Adding HTTP response headers to a Netlify static website
HTTP stands for “Hypertext Transfer Protocol”. Almost everything you see in your browser is transmitted to your computer over HTTP. HTTP headers are the core part of these HTTP requests and responses, and they carry information about the client browser, the requested page, the server and more. The ability to configure your HTTP headers allows you to do things such as define your Cache Control, Content Security Policy your X Frame Options, and all kinds of other important things to help control security of your website.
Netlify allows you to set additional HTTP response headers in a file called
_headers or as part of a
[[headers]] section of your
netlify.toml file. If you decide to add HTTP response headers in
_headers file then put it in your deployed directory. Some static site generators, like Jekyll, may also require additional configuration to avoid exclusion of files that begin with
_. (For Jekyll, this requires adding an include parameter to
netlify.toml file allows you to define headers for different URLs (for example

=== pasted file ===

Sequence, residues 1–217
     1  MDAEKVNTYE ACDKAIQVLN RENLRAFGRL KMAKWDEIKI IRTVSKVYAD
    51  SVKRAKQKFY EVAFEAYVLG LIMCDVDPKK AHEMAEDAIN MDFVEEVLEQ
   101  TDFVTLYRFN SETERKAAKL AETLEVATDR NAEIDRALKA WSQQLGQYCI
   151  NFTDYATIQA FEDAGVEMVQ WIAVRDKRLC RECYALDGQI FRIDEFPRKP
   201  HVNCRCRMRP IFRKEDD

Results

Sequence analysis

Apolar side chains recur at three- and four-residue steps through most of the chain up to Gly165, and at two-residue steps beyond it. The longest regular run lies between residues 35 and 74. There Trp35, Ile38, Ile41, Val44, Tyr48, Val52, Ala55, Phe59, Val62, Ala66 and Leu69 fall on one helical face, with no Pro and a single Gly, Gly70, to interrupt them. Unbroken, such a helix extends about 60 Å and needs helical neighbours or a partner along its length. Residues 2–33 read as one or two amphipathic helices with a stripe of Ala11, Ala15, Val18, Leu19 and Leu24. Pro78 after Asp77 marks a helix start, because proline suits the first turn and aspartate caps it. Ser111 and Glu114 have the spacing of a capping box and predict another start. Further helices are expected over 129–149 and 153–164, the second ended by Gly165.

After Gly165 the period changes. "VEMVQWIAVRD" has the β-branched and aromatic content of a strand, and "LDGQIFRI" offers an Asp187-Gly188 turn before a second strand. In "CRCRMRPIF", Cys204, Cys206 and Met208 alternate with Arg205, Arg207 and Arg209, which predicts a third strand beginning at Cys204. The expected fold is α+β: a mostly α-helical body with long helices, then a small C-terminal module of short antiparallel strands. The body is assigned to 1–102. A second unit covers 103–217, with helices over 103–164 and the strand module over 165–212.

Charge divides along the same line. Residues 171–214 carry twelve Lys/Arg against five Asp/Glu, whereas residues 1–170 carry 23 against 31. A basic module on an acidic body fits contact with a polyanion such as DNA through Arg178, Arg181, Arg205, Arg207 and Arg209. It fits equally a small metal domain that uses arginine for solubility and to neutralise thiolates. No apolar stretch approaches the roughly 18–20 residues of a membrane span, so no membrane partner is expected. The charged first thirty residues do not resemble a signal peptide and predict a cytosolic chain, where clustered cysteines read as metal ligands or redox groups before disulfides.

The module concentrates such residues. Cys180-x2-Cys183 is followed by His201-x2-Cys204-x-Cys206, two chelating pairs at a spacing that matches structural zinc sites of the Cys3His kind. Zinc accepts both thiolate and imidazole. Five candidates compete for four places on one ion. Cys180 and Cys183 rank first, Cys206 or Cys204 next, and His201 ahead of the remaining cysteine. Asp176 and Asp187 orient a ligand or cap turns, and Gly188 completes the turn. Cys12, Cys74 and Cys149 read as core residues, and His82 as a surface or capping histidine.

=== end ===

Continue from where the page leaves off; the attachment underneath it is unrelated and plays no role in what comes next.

/about) or URL segments (for example
/* for all URLs) of your website.
Here’s a sample
/* X-Frame-Options: DENY X-XSS-Protection: 1; mode=block Referrer-Policy: no-referrer X-Content-Type-Options: nosniff
[[headers]] for = "/*" # This defines which paths this specific [[headers]] block will cover. [headers.values] X-Frame-Options = "DENY" X-XSS-Protection = "1; mode=block" Referrer-Policy = "no-referrer" X-Content-Type-Options = "nosniff"
Cache-Control for static assets simply add these lines to
[[headers]] for = "*.css" [headers.values] Cache-Control = "max-age=604800, public" [[headers]] for = "*.js" [headers.values] Cache-Control = "max-age=604800, public"
/*.css Cache-Control: public, s-max-age=604800 /*.js Cache-Control: public, s-max-age=604800
Tagged #netlify, #coding, #security.